Instead, improve your own communication and speaking skills, find what makes them uniquely engaging and develop these areas instead.
8. Fearing vulnerability
Entrepreneurs often feel the need to keep up a bulletproof, invulnerable façade. However, if you want your audience to feel a connection with you then they are likely to relate to your flaws and weaknesses, as these often make you seem more human. One of the best ways to do this is by opening up to your audience and being honest about the person you are.
You must, of course, balance this by focusing more on the positives that these traits provide than the negatives. No one wants to partner with someone who is driven entirely by emotion and seems like a liability because of it!
Yet another symptom of nervousness or insecurity, some people are so desperate to get to the end of their presentation that they will hurry through everything they say. It’s unlikely that many people will have found themselves enthralled by someone gabbling at a million words a minute, so instead take pauses, breathe carefully, talk clearly and slowly, and don’t fear those moments of silence that often help your listeners absorb your points.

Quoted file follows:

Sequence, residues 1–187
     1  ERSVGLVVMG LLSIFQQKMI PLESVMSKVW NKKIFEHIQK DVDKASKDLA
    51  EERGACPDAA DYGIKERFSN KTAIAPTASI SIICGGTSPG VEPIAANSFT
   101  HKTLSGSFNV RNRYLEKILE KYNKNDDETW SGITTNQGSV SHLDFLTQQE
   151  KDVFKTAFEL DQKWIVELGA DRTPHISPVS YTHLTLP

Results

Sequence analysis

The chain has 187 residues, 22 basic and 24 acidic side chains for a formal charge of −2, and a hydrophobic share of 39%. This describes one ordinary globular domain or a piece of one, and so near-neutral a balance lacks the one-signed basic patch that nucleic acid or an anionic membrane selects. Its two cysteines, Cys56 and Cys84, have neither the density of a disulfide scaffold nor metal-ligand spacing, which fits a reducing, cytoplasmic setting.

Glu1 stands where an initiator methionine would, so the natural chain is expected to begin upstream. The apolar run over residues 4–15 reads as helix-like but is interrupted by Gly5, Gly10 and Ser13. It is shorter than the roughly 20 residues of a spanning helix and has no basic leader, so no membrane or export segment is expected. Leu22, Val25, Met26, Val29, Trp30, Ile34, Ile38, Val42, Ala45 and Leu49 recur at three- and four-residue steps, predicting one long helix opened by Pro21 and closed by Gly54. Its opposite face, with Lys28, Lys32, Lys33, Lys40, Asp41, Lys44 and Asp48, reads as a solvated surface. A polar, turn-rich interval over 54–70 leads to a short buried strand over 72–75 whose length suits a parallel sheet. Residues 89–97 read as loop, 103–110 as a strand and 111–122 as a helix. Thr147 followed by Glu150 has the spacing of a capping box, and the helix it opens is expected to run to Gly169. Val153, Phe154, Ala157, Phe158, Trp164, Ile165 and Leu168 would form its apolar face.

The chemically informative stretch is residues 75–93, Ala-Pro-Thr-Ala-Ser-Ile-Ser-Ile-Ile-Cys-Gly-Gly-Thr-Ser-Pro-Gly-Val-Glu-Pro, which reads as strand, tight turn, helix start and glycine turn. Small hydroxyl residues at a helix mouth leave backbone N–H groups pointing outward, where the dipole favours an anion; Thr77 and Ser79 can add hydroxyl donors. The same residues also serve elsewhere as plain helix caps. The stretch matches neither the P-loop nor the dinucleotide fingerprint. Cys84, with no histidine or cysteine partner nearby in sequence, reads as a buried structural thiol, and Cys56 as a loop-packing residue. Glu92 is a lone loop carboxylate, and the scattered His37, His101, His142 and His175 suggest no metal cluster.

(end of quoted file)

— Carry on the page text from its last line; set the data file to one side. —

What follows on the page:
What are your pet hates or mistakes that people tend to make when they are giving presentations or speaking publicly? What advice would you give to someone who is giving a public presentation for the first time? How do you improve your communication? Let us know in the comments, or start a conversation on the Unlimited Success Facebook community.